North Sea AC needs Brexit clarity

North Sea AC needs Brexit clarity

During a meeting in Brussels yesterday of the North Sea Advisory Council (NSAC) it became clear that aspects of the Brexit negotiations are still unclear. According to Dutch fishermen’s association VisNed, with more than a hundred shared stocks in the North sea and western waters, agreements need to be made on management of TACs, access to the waters and to the market.

The second stage of Brexit negotiations have begun and are expected to last through to October, and the possibility of a transition period is being discussed that could run to the end of 2021.

‘It is clear to the EU that fishing also needs to be part of the transition period,’ said VisNed’s spokesman. ‘The problem is that the UK does not in any way provide clarity on its position, apparently due to internal divisions about the right approach and starting positions. This makes it difficult to negotiate and even harder to make agreements about the period that lies ahead.’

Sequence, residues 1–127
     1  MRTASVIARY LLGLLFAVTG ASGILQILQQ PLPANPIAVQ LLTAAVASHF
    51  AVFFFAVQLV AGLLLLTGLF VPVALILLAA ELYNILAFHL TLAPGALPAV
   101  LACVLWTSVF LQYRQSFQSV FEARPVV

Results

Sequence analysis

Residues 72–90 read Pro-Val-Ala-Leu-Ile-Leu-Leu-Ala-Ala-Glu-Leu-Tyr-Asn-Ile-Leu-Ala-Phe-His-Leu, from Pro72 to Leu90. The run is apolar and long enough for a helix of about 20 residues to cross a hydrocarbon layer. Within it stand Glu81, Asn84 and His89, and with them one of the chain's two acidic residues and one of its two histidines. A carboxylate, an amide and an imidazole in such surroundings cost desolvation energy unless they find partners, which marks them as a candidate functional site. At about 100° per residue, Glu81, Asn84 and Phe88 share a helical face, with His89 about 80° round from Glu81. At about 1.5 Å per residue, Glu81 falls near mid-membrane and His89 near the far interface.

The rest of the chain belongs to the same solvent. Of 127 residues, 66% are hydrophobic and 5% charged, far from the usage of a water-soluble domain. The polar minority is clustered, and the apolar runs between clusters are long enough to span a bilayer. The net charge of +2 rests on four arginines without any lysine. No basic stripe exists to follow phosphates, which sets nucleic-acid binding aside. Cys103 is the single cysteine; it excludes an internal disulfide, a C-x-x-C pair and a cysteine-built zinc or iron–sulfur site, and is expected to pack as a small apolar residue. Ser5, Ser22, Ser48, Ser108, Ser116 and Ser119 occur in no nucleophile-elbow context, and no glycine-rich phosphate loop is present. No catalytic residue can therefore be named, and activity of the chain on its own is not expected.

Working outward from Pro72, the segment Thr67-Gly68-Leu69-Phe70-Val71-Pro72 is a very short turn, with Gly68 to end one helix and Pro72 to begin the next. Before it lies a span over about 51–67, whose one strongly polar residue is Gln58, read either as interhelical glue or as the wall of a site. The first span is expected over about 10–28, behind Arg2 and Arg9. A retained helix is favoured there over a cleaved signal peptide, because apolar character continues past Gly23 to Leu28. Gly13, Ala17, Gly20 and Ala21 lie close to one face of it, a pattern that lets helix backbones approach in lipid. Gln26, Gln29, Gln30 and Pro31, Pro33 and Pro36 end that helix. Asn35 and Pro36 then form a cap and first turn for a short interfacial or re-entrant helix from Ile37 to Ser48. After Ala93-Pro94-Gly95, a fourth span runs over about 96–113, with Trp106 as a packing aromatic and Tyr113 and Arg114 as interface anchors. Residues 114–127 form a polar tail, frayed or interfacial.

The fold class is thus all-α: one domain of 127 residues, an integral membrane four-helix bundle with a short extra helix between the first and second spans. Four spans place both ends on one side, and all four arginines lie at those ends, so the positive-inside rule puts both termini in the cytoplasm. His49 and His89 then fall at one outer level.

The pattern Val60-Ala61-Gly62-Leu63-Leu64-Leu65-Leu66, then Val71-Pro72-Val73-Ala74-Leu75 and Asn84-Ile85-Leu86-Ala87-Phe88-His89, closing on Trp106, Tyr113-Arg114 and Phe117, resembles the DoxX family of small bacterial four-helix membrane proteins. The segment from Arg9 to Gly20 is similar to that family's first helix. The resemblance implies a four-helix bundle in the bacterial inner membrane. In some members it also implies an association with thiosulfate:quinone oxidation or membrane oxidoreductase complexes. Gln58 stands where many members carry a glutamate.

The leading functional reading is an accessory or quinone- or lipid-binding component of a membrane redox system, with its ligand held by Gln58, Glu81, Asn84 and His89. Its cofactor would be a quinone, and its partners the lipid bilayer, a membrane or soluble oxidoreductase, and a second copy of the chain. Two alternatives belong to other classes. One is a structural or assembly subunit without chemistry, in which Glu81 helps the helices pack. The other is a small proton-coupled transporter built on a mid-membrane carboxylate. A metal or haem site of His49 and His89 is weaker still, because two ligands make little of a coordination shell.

According to VisNed, Europe is looking to maintain a status quo for the transition period, while new agreements must be made on management after the separation. The EU’s preferred position is to continue agreements on the MSY approach, as well as on discards and other issues.

‘To this purpose, a consultation structure plus decision-making processes must be put in place with the UK, but the question is whether this can still be done in the Scheveningen group or whether something else has to be set up,’ VisNed said.

‘The same applies to the position of the North Sea Advisory Council. The UK organisations and NGOs remain full members until the end of March 2019 and agreements have to be made for the subsequent period. After all, despite Brexit, we are closely tied to each other on the North Sea – and that is not meant as something negative. But it is important that the UK comes up with a position statement in the short term. According to the UK representatives on the NSAC, they also do not know what the British government will be doing.’

‘Fortunately, both the English and the Scottish representatives have argued that we can not work without co-operating in the interest of fishermen and the good management of fish stocks and waters.’

At the NASC meeting it was agreed that a small working group is to be established which will as soon as more information is available from the UK will start to formulate advice on stakeholder consultation on the post-Brexit prospects, both for the transition period and subsequently

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